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I've been a big Linux user for over 3 years, and I've been very interested in trying BSD. My only foray into FreeBSD so far has been the FreeSbie live CD. However, I've been following BSD for quite a while, and have been considering doing a full install, but have been scared away by various press releases, reviews, and user comments in message boards (including those coming from BSD users themselves). My impression might be completely wrong, or misguided, since I have very little hands on experience with the BSDs. But here are my impressions:
FreeBSD - Well integrated kernel and userland. Supposed technical superiority. Efficient and stable, at least with the 4.x series. 5.x series has had major bugs/problems, which seemingly have not been fully fixed. When a major dev decides to fork because of the problems (to DragonFly), and when a user who likes BSD says it's as unstable as Win95, and when it gets lots of bad press, I decide to say "thanks, but no thanks". Major problems with infighting and politics within dev community also exist - I have no desire to start using a system that has internal politics amongst it's devs getting in the way of fixing problems and moving forward.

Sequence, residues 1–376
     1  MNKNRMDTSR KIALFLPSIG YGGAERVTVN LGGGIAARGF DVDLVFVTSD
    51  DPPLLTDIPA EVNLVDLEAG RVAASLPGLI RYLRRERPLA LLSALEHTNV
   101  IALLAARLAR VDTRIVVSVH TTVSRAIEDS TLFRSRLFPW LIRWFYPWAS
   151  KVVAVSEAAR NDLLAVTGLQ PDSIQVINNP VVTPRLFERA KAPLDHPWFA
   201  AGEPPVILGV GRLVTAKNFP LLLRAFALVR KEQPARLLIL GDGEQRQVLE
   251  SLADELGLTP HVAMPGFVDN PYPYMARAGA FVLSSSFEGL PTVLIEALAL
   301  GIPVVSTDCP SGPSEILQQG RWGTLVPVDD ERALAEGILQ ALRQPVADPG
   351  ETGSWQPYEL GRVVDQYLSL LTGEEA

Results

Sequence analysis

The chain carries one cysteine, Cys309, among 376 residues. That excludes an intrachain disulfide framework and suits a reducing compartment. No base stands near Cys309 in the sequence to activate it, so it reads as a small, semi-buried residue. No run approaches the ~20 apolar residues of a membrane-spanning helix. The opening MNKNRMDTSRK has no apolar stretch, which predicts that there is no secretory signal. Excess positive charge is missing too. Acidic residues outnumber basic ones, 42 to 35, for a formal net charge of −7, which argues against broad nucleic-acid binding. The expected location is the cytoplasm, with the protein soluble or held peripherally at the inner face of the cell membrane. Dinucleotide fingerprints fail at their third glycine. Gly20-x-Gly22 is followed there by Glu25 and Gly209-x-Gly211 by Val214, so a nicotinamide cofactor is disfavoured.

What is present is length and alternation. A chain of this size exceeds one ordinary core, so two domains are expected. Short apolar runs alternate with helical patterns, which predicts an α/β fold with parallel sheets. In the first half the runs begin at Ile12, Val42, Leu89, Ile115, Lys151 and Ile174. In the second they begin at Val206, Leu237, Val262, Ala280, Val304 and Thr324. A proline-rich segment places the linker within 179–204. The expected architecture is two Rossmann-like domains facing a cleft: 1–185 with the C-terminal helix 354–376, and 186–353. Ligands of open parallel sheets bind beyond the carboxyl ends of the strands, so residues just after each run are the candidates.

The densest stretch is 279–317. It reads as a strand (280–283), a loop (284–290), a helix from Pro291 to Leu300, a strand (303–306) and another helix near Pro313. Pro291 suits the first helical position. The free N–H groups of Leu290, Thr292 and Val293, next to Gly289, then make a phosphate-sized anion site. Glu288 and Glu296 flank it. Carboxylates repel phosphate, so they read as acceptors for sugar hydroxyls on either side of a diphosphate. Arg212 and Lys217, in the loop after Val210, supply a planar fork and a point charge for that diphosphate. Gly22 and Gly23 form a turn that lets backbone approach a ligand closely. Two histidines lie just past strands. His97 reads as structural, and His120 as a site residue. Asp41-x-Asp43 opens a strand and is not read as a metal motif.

NetBSD - super portable, but don't know how useful, how stable, how fast, or how technically excellent it is. It claims to be very technically pure and simple, as a technical strategy for achieving it's exreme portability.
OpenBSD - super secure, technically excellent, pure code, super stable. It's major use has been as firewalls, and some web/file servers. Some have said it is slow. Installation is a pain (from just looking at the installation documentation - it looks absolutely horrible). No problems with internal politics because has central control from one individual (a benign dictator).
Thus, I just don't see, yet, the possible benefits of using BSD (other than OpenBSD if I wanted to lock things down in a network, or NetBSD if I wanted something to install on some obscure hardware).
As for technical excellence, speed, security, and stability, Debian and derivatives have that in spades, Slackware, too, is fantastic with speed and stability and technical excellence (if a bit more work to get installed and configured). Sure, some Linux distros have been slow, bloated, and buggy, and not so technically excellent (FC comes to mind). But if you stick with Debian (and some deriviatives) or Slackware, you will have a technically superior system.